Cleaning the Mirror

At the very top of the rotunda, in a warren of soundproof alcoves, are works on video, among them some of the exhibition's highlights. History of the Main Complaint (1996), William Kentridge's magnificent hand-animation, intertwining personal and political history in a requiem for the losses that paved the routes of the new South Africa, is by now well known. But there are also less familiar works to discover, such as performance artist Patty Chang's visceral videotape evoking the filial bond, and John Pilson's funny/creepy installation about office space.

And anyone who didn't get to see Pierre Huyghe's knockout show last winter at Marian Goodman Gallery has a chance to catch his The Third Memory (1999). For this video, Huyghe tracked down John Woytowicz, a gay man whose foiled 1972 robbery of a bank in Queens (part of an effort to finance his lover's sex-change operation) inspired Sidney Lumet's movie Dog Day Afternoon. Woytowicz, now well past middle age, both restages the event with actors and adds his personal reflections, mixing memory and cinema in a fascinating hybrid that also recalls Michel Foucault's description of hermaphrodites as "the third sex."

Go ask Alice: Anna Gaskell's Untitled #5 (Wonder) (1996).
photo: Solomon R. Guggenheim Museum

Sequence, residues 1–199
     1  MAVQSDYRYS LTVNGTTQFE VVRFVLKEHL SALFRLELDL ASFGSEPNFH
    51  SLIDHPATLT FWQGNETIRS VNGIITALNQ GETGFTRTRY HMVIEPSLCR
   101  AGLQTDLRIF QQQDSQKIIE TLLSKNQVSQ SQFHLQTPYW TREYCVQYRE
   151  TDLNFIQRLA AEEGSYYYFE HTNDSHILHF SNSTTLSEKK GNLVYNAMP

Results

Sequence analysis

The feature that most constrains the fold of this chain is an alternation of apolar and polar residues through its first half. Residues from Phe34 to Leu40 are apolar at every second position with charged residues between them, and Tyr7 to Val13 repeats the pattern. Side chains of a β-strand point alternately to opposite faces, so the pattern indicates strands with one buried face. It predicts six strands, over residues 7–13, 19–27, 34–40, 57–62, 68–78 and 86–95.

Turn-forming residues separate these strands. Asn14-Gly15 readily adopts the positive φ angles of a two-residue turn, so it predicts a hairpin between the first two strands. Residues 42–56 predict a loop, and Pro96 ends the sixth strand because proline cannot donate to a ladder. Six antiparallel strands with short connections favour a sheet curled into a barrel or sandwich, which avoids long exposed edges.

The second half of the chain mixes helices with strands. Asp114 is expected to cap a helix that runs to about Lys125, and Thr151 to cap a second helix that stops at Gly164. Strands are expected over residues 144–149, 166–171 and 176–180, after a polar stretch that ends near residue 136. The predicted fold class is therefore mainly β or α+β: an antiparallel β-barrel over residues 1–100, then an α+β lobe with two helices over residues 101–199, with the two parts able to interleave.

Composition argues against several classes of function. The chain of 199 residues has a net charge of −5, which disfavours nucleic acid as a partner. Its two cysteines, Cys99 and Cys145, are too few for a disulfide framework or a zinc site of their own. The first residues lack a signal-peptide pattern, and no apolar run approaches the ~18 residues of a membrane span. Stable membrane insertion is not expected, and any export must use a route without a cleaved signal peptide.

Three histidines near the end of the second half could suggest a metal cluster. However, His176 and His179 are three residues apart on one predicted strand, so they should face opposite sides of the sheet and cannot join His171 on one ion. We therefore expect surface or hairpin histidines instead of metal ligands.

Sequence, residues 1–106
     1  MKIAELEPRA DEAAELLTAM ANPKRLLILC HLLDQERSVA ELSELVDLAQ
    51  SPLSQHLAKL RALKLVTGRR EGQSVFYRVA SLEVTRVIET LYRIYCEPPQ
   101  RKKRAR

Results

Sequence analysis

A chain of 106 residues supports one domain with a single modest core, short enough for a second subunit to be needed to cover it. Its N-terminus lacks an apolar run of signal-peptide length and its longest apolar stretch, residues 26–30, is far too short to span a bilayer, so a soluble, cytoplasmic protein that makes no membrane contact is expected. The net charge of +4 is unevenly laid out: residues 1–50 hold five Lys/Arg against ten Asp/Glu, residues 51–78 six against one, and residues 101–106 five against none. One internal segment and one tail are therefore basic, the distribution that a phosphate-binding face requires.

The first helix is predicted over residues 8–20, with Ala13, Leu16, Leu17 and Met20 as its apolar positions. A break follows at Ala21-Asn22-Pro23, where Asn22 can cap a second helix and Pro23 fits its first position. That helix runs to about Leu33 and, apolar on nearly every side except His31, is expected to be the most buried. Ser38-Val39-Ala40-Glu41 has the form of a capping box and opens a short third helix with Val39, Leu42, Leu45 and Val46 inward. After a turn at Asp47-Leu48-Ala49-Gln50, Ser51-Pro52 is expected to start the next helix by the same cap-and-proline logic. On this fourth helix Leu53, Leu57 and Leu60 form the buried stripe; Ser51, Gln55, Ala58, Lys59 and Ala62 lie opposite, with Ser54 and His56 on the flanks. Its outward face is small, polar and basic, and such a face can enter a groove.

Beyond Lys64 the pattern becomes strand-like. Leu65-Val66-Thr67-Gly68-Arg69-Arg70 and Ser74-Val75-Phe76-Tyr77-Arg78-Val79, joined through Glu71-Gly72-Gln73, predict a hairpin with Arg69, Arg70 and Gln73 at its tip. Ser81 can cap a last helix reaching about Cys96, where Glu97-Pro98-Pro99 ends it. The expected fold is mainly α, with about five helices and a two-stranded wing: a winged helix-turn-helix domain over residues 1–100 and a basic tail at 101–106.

Go ask Alice: Anna Gaskell's Untitled #5 (Wonder) (1996).


Moving Pictures
Solomon R. Guggenheim Museum
1071 Fifth Avenue
Through January 12

If, over all, one misses the funky radicality of, say, Hélio Oiticica, a Brazilian artist whose film installations from the 1970s (currently on view at the New Museum) encouraged viewers to lie in hammocks and paint their toenails while watching them; if one hungers after the sheer nuttiness (and relative freshness) of, say, Eija-Liisa Ahtila, a Finnish artist whose videotapes of women in various states of psychotic decay were a hit at this year's Documenta; if, in short, one feels there is a bit too much good taste at work here, and (dare I say it) a few too many representatives of the dour school of German photography; well, at least Solomon Guggenheim would most likely have approved of the latter, and tipped his hat to the show's winning combination of sobriety and newness.

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